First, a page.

The Blackburn B-26 Botha was a high wing, twin-engine torpedo and general reconnaissance aircraft designed against Air Ministry Specification M.15/35, a requirement which also produced the Bristol Type 152, later known as the Bristol Beaufort. In the end both aircraft were ordered into production ‘from the drawing board’ in 1936.
Power was provided by two 880hp Bristol Perseus X engines although later aircraft used the 930hp Perseus XA engine (the first aircraft so equipped being Serial No. L6155).
The Botha was of all metal construction and flush riveted throughout. Production took place at both Brough in the East Riding of Yorkshire (382 aircraft) and at a new factory on the north banks of the Clyde at Dunbarton (200 aircraft).
The first B-26 Botha (L6104) was flown for the first time on 26th December 1938 although when tested at A&AEE it was criticised on several grounds, including a lack of longitudinal stability. Additionally it was said to have 'poor elevator control' and a 'high stalling speed' with volumes of exhaust fumes entering the cockpit, plus a number of 'other' issues.
Although the aircraft passed torpedo and mine-dropping tests, its overall poor performance led to a restricted issue to just 4 general reconnaissance squadrons rather than the torpedo bomber units as originally envisaged.
Subsequent production machines featured an increased tailplane area and a larger, aerodynamically-balanced elevator which although it eased the problems it failed to eliminate the wide held opinion that the Botha was 'underpowered and generally unstable'.
The aircraft would carry four crew (pilot, wireless operator, navigator and gunner) and it was armed with a fixed forward firing Vickers machine gun together with two Lewis MkIII guns mounted in a power-operated dorsal turret. Offensive stores also included one 18-inch torpedo, or up to 2,000lb of bombs.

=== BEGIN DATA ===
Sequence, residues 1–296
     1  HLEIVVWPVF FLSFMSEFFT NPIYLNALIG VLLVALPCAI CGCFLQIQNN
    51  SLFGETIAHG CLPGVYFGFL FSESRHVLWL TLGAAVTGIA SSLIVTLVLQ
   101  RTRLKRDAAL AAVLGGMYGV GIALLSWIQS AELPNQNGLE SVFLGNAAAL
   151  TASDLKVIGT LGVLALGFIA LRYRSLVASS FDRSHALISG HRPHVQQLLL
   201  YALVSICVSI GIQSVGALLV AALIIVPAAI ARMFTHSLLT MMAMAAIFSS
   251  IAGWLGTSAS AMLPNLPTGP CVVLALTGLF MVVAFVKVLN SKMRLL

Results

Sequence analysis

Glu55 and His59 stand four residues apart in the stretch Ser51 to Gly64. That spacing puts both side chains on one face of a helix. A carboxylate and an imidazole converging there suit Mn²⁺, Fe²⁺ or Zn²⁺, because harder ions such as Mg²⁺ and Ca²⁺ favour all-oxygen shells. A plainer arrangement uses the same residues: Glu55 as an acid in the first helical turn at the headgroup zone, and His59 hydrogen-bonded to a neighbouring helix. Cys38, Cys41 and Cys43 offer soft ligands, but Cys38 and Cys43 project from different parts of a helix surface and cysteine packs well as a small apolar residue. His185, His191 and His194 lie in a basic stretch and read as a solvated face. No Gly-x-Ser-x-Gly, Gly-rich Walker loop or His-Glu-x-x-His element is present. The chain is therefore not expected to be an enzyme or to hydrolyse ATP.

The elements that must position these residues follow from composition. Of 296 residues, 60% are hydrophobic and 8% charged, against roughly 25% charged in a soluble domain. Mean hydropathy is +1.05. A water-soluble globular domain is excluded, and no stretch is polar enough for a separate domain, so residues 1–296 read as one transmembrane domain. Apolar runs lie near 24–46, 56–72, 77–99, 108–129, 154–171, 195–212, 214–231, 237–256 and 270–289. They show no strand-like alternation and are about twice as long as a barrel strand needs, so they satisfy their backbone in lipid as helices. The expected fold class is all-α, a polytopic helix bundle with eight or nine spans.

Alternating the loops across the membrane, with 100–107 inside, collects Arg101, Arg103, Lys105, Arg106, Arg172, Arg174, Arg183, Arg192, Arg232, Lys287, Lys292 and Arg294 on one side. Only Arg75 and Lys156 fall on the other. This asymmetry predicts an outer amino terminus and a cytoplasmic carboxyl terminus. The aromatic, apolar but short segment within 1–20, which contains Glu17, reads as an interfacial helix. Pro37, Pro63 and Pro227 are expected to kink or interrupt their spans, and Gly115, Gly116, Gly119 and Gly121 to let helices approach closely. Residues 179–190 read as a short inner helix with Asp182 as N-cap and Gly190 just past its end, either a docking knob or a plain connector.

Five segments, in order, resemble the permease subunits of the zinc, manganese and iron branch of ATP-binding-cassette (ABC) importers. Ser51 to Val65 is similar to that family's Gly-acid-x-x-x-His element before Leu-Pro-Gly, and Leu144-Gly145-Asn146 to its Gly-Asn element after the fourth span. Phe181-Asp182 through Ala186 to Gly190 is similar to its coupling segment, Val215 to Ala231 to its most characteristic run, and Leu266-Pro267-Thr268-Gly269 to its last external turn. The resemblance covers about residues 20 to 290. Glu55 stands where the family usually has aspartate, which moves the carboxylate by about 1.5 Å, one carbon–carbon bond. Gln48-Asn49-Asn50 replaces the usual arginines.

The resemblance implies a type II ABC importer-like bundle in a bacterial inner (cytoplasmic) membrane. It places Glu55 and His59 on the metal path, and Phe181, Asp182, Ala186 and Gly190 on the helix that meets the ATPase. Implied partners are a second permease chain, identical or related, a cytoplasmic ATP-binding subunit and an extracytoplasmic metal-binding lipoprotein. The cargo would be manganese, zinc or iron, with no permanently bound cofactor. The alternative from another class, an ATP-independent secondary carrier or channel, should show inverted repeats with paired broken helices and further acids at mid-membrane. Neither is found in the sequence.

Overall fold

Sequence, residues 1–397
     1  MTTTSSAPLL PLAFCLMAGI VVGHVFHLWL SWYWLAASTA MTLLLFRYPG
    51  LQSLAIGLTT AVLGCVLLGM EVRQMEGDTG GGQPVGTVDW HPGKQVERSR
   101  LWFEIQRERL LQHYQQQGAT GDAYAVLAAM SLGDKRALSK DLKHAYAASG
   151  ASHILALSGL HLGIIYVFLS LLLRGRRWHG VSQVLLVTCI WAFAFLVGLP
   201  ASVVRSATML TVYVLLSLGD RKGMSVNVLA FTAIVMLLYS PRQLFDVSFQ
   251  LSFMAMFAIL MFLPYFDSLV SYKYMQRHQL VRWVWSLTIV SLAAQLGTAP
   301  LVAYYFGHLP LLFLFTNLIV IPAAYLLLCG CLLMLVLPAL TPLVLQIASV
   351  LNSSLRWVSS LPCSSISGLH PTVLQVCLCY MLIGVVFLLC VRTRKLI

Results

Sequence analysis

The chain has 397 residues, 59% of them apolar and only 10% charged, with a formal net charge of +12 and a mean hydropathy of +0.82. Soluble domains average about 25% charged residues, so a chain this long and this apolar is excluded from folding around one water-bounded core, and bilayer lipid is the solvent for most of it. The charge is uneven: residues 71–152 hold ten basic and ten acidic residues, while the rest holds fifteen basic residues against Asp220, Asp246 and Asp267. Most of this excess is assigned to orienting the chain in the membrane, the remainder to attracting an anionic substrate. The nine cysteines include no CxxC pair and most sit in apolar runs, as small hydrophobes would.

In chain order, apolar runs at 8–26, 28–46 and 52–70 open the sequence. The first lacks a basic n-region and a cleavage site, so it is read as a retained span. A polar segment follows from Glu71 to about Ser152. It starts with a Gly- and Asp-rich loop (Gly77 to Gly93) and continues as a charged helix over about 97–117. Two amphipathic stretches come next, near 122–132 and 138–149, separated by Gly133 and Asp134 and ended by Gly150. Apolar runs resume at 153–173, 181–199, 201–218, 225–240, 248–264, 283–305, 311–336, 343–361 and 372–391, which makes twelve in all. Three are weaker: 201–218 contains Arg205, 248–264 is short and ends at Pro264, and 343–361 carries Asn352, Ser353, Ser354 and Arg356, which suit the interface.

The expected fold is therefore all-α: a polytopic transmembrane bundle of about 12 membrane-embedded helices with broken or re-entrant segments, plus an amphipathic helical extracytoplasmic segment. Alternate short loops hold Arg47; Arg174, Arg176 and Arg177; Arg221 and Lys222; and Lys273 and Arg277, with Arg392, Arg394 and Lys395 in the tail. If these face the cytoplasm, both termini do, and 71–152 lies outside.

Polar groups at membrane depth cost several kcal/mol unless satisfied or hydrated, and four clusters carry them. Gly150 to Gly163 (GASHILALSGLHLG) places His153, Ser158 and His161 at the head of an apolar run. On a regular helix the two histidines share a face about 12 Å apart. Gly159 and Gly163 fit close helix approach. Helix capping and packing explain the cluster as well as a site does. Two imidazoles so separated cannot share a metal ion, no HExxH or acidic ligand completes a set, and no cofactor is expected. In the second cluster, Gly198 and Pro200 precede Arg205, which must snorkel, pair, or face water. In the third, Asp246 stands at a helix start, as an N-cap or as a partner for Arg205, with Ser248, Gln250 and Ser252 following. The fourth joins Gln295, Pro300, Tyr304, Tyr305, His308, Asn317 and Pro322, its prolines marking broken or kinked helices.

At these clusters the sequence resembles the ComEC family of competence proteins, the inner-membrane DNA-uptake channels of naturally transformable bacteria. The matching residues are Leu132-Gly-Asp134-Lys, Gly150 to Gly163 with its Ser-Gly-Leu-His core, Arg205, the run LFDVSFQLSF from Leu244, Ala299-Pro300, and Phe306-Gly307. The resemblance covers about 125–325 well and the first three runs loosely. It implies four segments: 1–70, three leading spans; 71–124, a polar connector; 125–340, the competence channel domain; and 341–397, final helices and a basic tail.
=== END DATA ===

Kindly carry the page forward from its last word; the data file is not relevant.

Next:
When fully-loaded the aircraft proved to be seriously underpowered at its appointed operational weight and was deemed as having an inadequate single-engine performance in emergencies.
The type eventually entered full operational service with just one Squadron (608 Sqn) based at Thornaby.
It was used for relatively safe North Sea reconnaissance patrols from June to November 1940 after which it was withdrawn from front-line service.
It was subsequently relegated to Training Establishments in support of reconnaissance and bombing / navigation / gunnery training with a few aircraft being used for communications and as target tugs.
At one point The School of General Reconnaissance at Squires Gate, Blackpool had more than 100 Bothas on charge.
Most of the Botha fleet was withdrawn from service and scrapped in 1943 although No 11 Radio School at Hooton Park continued to use the type until April 1944. Their last aircraft (W5073) was not ferried away to be scrapped at Sherburn-in-Elmet until September 1944.
In service, the type was unpopular due to its high accident rate and of the 478 aircraft deployed on training duties, 169 were written off following accidents with 24 of these being ditched at sea following engine failure.
|Powerplants||Two 880hp Bristol Perseus X (or 930hp Perseus XA) engines|
|Span||59 ft 0 in|
|Maximum Weight||17,628 lb (Perseus X), 18,450 lb (Perseus XA)|
|Capacity and armament||Four crew; One forward-firing Vickers gun, two Lewis guns in dorsal turret. One 18 inch torpedo or up to 2,000 lb bombs.|
|Maximum Speed||220 mph at 15,000 ft (Perseus XA)|
Total of 580 aircraft (all Botha Mk I), production split between Brough (380) and Dumbarton (200).
No examples of the Blackburn B-26 Botha survive, most aircraft having been scrapped in 1943.